How can education companies have a local impact on educators across the country when they don’t have any kind of local presence?
Some education businesses can directly impact local sales of their products. For example, supplemental publishers who sell through the school supply retail channel can drive local customers into specified stores through a combination of targeted direct mail, email, mobile advertising, and social networking. There are also education products that are sold through other types of dealers such as audio or tech hardware providers. Customers and prospects who buy through resellers can also be mobilized to drive local sales.
However, what are your options if you sell digital curriculum, learning management systems or any other type of software as a service (SaaS)? The implementation of any of the following tactics will help build your brand locally and nationally.
- Targeted email: This is still the number one tactic for reaching specific customer groups. It can be used to highlight specific content, host contests or drive educators to a local service group in support of product trials; to an event such as a local or regional conference or users meeting; or to social networks to engage other educators.
- Social networking: Using content management systems (CMS), companies can leverage branded content to personalize and deliver to locally fragmented audiences. Companies can use LinkedIn to tap into and target local district administration buyers, for example. Also, Facebook business pages can be used to build national awareness and local community through personalized content and targeted advertising.
- Mobile: It’s essential for companies to have responsive websites now that Google announced earlier this year that mobile search has overtaken desktop search and is now the primary way people access product information. eMarketer forecasts indicate that the mobile ad spend will reach $100 billion next year, which is more than 50% of total digital advertising. Localizing content and delivering via mobile can spark inquiry and drive search and purchase for your products. Forrester recently announced that "We find that the more mobile a customer is, the more demanding she is for customized, context-specific, location-specific marketing experiences." Bottom line, companies need to create optimized experiences on smartphones and tablets.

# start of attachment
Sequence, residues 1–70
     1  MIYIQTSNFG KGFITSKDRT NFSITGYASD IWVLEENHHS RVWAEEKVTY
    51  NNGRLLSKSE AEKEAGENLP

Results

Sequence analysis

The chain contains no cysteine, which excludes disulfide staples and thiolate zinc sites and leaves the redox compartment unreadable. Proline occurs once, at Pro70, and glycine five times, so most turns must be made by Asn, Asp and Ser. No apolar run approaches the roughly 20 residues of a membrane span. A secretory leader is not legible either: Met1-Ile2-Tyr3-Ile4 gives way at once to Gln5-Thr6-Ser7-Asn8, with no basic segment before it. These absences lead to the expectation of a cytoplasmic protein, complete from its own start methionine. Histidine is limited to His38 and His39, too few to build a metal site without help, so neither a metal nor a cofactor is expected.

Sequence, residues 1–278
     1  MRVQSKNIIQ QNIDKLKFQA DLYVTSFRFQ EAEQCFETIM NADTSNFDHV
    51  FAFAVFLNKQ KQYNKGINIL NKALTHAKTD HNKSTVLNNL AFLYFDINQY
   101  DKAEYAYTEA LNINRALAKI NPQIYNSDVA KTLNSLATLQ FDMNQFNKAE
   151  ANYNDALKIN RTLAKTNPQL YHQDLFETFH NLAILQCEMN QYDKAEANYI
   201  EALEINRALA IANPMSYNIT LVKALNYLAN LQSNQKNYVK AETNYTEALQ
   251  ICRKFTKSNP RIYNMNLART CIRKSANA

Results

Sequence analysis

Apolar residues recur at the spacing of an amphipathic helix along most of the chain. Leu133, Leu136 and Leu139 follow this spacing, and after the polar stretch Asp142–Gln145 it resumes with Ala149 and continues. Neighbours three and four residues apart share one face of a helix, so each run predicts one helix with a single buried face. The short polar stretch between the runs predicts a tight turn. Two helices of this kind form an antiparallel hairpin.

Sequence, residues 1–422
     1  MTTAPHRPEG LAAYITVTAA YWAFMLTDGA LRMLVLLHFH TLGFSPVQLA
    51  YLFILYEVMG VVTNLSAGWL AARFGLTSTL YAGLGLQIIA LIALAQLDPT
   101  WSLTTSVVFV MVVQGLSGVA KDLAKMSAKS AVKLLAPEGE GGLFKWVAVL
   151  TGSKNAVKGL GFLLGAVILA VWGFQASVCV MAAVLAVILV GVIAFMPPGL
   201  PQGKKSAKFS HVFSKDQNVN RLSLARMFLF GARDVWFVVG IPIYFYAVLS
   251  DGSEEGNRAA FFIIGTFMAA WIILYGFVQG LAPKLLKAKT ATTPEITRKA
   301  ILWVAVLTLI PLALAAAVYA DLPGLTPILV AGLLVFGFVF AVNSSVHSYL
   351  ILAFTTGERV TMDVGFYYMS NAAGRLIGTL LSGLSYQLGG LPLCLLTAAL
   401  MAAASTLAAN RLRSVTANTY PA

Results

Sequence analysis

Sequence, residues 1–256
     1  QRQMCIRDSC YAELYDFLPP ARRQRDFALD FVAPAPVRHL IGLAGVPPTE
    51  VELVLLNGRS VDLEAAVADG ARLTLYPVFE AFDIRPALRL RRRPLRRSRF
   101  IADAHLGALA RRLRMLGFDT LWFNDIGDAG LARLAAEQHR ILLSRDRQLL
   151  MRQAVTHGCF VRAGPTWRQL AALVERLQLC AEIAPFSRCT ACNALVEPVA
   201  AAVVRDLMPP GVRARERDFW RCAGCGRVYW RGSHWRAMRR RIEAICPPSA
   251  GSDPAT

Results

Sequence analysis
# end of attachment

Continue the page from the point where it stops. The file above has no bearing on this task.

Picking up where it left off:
- Co-op digital advertising: If you do have local affiliates, you can share the cost of local advertising with them. It’s difficult for national brands to guarantee alignment at the local level, so this kind of program has a track record of effectiveness that produces measurable results. However, the BIA/Kelsey Social Media Forecast 2015 notes that local social advertising is expected to grow faster than national social advertising through at least 2019. So this is a strategy to consider.
- Newsjacking: This has long been a public relations tool—hanging product promotion on a news event. It’s a terrific opportunity for companies to inject their brand into the local news. Newsjacking does require some sensitivity, however. You don’t want to use tragic events to boost your brand. While companies need to act quickly when the news is fresh, you want to be discerning about how you use this tactic.
Even without local representation of your product or service, companies have a variety of options to generate localized interest in their brands. Any of the tactics detailed above can be used to customize content for local consumption. Smart marketers will test to determine the combination that works best to achieve their sales and marketing goals.